Bold I can meet — perhaps may turn his blow;
But of all plagues, good Heaven, thy wrath can send,
Save, save, oh! save me from the Candid Friend!

George Canning (1770-1827) British stateman, politician, Prime Minister
“New Morality,” Anti-Jacobin (9 Jul 1798)
Added on 28-Mar-16 | Last updated 4-Nov-20
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To think all you say, is but candor;
To say all you think, would be slander.

William Allingham (1824–1889) Irish poet, diarist
Blackberries Picked Off Many Bushes (1884)
Added on 14-Mar-16 | Last updated 14-Mar-16
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If someone knows of a problem and conceals it from me, I get more upset from that than from the problem itself. I tell our people time and time again: Bad news first.

Donald Regan (1918-2003) American financier, government executive
In Bernard Weintraub, “How Donald Regan Runs the White House,” New York Times Magazine (5 Jan 1986)
Added on 7-Mar-16 | Last updated 7-Mar-16
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A Man that should call everything by its right Name, would hardly pass the Streets without being knock’d down as a common Enemy.

George Savile, Marquis of Halifax (1633-1695) English politician and essayist
“Of Caution and Suspicion,” Political, Moral and Miscellaneous Thoughts and Reflections (1750)
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Added on 7-Oct-11 | Last updated 30-Jan-20
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Frank and explicit: That is the right line to take when you wish to conceal your mind and confuse the minds of others.

Benjamin Disraeli (1804-1881) English politician and author
Sybil, “The Gentleman in Downing Street,” bk 6, ch 1 (1845)
Added on 1-Feb-04 | Last updated 28-Mar-16
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A candor affected is a dagger concealed.

Marcus Aurelius (AD 121-180) Roman emperor (161-180), Stoic philosopher
Meditations, Book 11, #15 [tr. Staniforth (1964)]
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Alternate translations:
  • "But the affectation of simplicity is nowise laudable." [tr. Casaubon (1634), #14]
  • "An affectation of being real, is an untoward pretence." [tr. Collier (1701)]
  • "But the affectation of simplicity is like a crooked stick." [tr. Long (1862)]
  • "An affectation of sincerity is a very dagger." [tr. Zimmern (1887)]
  • "But the affectation of simplicity is like a razor." [tr. Farquharson (1944)]
  • "But false straightforwardness is like a knife in the back." [tr. Hays (2003)]
Added on 1-Feb-04 | Last updated 11-Mar-21
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The President is merely the most important among a large number of public servants. He should be supported or opposed exactly to the degree which is warranted by his good conduct or bad conduct, his efficiency or inefficiency in rendering loyal, able, and disinterested service to the nation as a whole. Therefore it is absolutely necessary that there should be full liberty to tell the truth about his acts, and this means that it is exactly as necessary to blame him when he does wrong as to praise him when he does right. Any other attitude in an American citizen is both base and servile. To announce that there must be no criticism of the President, or that we are to stand by the President, right or wrong, is not only unpatriotic and servile, but is morally treasonable to the American public. Nothing but the truth should be spoken about him or any one else. But it is even more important to tell the truth, pleasant or unpleasant, about him than about any one else.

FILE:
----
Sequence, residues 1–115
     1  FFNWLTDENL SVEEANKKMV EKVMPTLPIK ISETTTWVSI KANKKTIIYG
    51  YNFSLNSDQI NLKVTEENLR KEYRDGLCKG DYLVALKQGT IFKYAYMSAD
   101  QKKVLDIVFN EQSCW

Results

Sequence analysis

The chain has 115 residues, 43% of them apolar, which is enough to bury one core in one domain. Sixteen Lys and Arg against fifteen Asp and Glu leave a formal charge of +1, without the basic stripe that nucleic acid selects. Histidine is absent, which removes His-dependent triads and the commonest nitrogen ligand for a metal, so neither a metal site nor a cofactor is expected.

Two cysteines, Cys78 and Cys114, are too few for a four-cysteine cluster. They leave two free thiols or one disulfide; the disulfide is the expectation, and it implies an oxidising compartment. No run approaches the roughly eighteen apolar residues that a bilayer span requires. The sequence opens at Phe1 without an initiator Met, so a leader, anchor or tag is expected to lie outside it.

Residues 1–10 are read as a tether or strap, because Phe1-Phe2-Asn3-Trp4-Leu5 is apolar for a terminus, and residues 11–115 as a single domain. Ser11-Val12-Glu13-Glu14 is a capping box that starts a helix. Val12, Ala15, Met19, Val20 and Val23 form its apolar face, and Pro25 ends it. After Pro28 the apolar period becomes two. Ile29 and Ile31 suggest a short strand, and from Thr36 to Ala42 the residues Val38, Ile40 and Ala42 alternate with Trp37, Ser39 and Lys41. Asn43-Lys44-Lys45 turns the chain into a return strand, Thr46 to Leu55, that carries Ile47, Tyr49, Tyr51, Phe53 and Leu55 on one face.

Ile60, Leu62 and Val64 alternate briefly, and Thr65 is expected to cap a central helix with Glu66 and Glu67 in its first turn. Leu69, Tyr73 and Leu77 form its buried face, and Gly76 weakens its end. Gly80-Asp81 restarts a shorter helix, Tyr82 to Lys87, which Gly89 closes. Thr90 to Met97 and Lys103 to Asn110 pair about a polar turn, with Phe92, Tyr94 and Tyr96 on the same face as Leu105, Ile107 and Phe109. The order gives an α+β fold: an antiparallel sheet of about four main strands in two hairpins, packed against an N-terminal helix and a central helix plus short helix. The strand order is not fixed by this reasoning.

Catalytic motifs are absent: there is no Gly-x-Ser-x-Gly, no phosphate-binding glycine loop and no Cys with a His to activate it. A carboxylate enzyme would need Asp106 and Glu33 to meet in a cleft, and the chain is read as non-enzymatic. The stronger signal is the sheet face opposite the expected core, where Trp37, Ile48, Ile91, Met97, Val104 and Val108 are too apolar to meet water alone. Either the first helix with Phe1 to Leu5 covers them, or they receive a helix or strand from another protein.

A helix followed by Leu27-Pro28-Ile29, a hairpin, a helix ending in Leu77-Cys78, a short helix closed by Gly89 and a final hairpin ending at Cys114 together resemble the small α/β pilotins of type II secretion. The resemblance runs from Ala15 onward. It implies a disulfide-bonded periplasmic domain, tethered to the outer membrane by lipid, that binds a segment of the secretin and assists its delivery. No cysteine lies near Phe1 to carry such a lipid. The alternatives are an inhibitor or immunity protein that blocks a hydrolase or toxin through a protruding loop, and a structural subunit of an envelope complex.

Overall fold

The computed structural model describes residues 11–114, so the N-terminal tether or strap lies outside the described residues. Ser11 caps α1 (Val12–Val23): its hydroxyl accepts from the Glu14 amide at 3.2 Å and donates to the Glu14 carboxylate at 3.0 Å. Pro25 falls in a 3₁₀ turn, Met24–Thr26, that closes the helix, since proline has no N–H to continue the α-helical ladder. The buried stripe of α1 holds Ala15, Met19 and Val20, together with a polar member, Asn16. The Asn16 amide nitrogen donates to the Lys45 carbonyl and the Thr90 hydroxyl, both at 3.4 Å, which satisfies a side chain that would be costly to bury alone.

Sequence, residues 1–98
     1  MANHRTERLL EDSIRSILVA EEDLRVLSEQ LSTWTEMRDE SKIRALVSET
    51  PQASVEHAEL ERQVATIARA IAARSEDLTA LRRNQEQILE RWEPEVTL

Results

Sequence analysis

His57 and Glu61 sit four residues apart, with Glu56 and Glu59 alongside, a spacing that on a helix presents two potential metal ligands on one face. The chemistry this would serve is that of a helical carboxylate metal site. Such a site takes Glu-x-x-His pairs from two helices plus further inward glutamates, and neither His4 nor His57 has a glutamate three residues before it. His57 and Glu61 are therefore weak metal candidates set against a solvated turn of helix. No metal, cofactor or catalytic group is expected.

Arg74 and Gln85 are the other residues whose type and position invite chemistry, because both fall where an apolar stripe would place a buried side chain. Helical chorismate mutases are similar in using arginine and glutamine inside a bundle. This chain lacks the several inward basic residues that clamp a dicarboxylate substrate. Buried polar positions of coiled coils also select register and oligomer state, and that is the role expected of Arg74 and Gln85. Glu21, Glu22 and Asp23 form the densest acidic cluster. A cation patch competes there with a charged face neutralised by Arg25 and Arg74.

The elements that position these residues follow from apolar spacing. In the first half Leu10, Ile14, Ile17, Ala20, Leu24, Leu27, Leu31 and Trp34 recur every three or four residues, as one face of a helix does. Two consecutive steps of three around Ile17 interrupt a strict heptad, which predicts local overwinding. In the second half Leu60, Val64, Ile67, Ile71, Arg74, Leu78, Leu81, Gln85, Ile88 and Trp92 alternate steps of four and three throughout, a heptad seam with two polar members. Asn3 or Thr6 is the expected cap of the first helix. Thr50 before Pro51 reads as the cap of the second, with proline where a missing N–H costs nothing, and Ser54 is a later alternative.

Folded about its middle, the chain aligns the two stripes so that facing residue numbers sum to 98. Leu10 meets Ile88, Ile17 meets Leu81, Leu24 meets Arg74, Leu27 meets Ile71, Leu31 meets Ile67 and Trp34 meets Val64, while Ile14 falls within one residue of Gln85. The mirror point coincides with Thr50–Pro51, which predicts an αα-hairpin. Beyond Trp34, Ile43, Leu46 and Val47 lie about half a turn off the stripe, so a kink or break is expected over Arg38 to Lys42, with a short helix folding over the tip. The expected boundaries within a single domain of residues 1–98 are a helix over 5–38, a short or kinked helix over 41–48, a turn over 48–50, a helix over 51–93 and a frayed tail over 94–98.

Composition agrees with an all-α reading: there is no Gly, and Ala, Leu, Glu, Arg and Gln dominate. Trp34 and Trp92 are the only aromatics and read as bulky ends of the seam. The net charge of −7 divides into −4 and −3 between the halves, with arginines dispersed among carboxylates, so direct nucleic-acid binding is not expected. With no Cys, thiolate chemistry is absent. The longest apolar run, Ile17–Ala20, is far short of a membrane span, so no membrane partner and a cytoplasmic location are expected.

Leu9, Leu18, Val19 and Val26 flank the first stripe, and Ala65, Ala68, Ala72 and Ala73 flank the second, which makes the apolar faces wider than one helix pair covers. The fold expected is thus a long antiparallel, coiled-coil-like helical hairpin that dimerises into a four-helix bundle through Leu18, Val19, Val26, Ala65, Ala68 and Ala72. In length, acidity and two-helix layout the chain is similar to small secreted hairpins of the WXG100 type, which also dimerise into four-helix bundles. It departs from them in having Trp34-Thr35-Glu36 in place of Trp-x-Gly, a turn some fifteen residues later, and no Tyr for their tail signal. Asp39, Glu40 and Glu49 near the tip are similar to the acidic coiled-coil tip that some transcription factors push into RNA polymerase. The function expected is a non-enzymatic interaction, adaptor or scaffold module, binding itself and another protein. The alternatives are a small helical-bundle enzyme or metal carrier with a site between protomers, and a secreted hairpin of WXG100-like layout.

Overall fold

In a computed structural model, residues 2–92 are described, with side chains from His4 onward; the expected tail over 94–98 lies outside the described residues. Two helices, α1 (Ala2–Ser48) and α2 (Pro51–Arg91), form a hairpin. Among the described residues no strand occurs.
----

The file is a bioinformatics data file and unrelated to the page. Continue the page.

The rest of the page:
Theodore Roosevelt (1858-1919) US President (1901-1909)
“Sedition, A Free Press, and Personal Rule,” Kansas City Star (7 May 1918)
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Reprinted in "Lincoln and Free Speech," The Great Adventure (1926).
Added on 1-Feb-04 | Last updated 20-Dec-19
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Man is least himself when he talks in his own person. Give him a mask, and he will tell you the truth.

Oscar Wilde (1854-1900) Irish poet, wit, dramatist
“The Critic as Artist” [Gilbert] (1891)
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Added on 1-Feb-04 | Last updated 23-Oct-20
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The truth is often a terrible weapon of aggression. It is possible to lie, and even to murder with the truth.

Alfred Adler (1870-1937) Austrian psychologist
The Problems of Neurosis, ch. 2 (1929)
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If there is one thing upon this earth that mankind love and admire better than another, it is a brave man — it is the man who dares to look the devil in the face and tell him he is a devil.

James A. Garfield (1831-1881) US President (1881), lawyer, lay preacher, educator
(Attributed)
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Quoted in The Phrenological Journal (Dec 1881).
Added on 1-Feb-04 | Last updated 20-Nov-20